1. User receives credits, stored in his session.

2. User buys something.

3. User gets his new, lower credits stored in his session.

4. Evil hacker takes his saved cookie from step 1 and pastes it back in his browser’s cookie jar. Now he’s gotten his credits back.

· This is normally solved using something called nonce. Each signing includes a once-only code, and the signer keeps track of all of the codes, and rejects any message with the code repeated. But that’s very hard to do here, since there may be several app servers serving up the same application.

· Of course, we could store the nonce in the DB, but that defeats the entire purpose!

The short answer is: Do not store sensitive data in the session. Ever. The longer answer is that coordination of nonces across multiple servers would require remote process interaction on a per-request basis, which negates the benefits of using the cookie session storage to begin with.

The cookie session storage also has potential issues with replay attacks that let malicious users on shared computers use stolen cookies to log in to an application that the user thought he had logged out of. The bottom line is that if you decide to use the cookie session storage on an application with security concerns, please consider the implications of doing so carefully.

13.3.4 Cleaning Up Old Sessions

If you’re using the activerecord-session_store gem, you can write your own little utilities for keeping the size of your session store under control. Listing 13.1 is a class that you can add to your /lib folder and invoke from the production console or a script whenever you need to do so.

Listing 13.1: SessionMaintenance class for cleaning up old sessions

1 classSessionMaintenance

2 defself.cleanup(period = 24.hours.ago)

3 session_store = ActiveRecord::SessionStore::Session

4 session_store.where('updated_at < ?', period).delete_all

5 end

6 end

13.4 Cookies

This section is about using cookies, not the cookie session store. The cookie container, as it’s known, looks like a hash, and is available via the cookies method in the scope of controllers. Lots of Rails developers use cookies to store user preferences and other small nonsensitive bits of data. Be careful not to store sensitive data in cookies, since they can be read by users. The cookies container is also available by default in view templates and helpers.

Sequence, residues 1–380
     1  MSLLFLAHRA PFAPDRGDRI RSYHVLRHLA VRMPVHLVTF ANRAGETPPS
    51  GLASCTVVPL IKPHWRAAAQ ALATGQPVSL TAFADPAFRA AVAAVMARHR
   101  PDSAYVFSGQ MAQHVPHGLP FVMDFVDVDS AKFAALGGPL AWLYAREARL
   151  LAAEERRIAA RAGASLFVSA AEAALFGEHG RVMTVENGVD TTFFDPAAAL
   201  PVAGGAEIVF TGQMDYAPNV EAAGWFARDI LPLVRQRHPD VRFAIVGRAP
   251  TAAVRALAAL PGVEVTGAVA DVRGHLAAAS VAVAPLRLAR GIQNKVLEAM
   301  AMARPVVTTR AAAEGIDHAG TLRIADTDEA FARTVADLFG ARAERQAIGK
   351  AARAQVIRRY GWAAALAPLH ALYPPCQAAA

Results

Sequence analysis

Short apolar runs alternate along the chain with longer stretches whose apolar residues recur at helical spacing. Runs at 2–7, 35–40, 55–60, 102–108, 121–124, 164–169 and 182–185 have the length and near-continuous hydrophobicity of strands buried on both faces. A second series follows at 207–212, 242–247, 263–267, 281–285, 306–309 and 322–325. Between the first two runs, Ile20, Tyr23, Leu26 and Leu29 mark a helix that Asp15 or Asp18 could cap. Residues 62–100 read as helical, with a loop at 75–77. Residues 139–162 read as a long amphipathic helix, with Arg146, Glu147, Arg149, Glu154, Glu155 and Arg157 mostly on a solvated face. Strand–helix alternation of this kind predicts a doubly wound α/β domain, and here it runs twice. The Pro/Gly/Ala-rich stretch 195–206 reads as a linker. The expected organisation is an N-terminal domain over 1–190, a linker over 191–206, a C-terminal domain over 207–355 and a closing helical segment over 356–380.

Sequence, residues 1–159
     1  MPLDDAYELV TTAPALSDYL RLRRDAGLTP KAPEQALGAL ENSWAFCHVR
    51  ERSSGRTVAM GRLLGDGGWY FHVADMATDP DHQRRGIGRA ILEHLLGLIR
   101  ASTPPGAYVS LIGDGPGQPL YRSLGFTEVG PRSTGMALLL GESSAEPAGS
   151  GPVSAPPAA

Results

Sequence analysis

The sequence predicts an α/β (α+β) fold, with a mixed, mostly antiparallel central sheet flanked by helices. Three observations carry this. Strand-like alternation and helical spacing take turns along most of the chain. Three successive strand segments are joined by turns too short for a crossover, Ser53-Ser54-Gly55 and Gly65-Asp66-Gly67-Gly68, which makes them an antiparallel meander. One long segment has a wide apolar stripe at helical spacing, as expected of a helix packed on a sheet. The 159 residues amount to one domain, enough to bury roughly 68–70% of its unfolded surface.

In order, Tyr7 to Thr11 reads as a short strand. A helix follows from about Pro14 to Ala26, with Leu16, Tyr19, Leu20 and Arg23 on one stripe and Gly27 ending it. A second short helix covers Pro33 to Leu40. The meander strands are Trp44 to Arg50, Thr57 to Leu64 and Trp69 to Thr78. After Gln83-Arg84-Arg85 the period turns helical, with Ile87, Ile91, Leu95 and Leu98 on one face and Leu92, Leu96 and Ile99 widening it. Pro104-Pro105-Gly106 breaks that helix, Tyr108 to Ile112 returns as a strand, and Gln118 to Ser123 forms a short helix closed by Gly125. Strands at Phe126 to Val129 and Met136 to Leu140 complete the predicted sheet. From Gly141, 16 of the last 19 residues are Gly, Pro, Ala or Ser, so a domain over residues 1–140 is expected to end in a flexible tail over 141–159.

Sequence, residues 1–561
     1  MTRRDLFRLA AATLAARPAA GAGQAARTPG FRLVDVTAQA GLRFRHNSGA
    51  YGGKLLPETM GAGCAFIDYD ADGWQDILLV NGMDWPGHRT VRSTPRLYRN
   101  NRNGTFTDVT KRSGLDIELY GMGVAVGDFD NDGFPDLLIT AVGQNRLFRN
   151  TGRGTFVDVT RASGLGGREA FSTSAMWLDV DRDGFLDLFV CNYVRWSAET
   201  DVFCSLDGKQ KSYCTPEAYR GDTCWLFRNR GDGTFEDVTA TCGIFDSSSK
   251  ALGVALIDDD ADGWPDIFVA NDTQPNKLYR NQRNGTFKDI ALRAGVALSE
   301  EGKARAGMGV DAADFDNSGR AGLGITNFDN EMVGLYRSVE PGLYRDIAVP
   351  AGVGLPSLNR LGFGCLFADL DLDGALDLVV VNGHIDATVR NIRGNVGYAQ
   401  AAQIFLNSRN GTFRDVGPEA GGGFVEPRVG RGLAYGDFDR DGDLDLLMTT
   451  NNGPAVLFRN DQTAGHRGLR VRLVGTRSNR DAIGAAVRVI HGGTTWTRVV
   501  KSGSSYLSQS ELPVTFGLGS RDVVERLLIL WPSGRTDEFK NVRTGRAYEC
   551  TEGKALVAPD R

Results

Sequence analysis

13.4.1 Reading and Writing Cookies

The cookie container is filled with cookies received along with the request, and sends out any cookies that you write to it with the response. Note that cookies are read by value, so you won’t get the cookie object itself back, just the value it holds as a string (or as an array of strings if it holds multiple values).

To create or update cookies, you simply assign values using the brackets operator. You may assign either a single string value or a hash containing options, such as :expires, which takes a number of seconds before which the cookie should be deleted by the browser. Remember that Rails convenience methods for time are useful here:

1 # writing a simple session cookie

2 cookies[:list_mode] = "false"


4 # specifying options, curly brackets are needed to avoid syntax error

5 cookies[:recheck] = { value: "false", expires: 5.minutes.from_now }

I find the :path options useful in allowing you to set options specific to particular sections or even particular records of your application. The :path option is set to '1', the root of your application, by default.

The :domain option allows you to specify a domain, which is most often used when you are serving up your application from a particular host, but want to set cookies for the whole domain.

1 cookies[:login] = {

2 value: @user.security_token,

3 domain: '',

4 expires:

5 }

Cookies can also be written using the :secure option, and Rails will only ever transmit them over a secure HTTPS connection:

# writing a simple session cookie

cookies[:account_number] = { value: @account.number, secure: true }

The :httponly option tells Rails whether cookies can be accessible via scripting or only HTTP. It defaults to false.

Finally, you can delete cookies using the delete method:

cookies.delete :list_mode Permanent Cookies

Writing cookies to the response via the cookies.permanent hash automatically gives them an expiration date 20 years in the future.

1 cookies.permanent[:remember_me] = Signed Cookies

Writing cookies to the response via the cookies.signed hash generates signed representations of cookies, to prevent tampering of that cookie’s value by the end user. If a signed cookie was tampered with a ActiveSupport::MessageVerifier::InvalidSignature exception will be raised when that cookie is read in a subsequent request.

cookies.signed[:remember_me] =

13.5 Conclusion

Deciding how to use the session is one of the more challenging tasks that faces a web application developer. That’s why we put a couple of sections about it right in the beginning of this chapter. We also covered the various options available for configuring sessions, including storage mechanisms and methods for timing out sessions and the session lifecycle. We also covered use of a closely-related topic, browser cookies.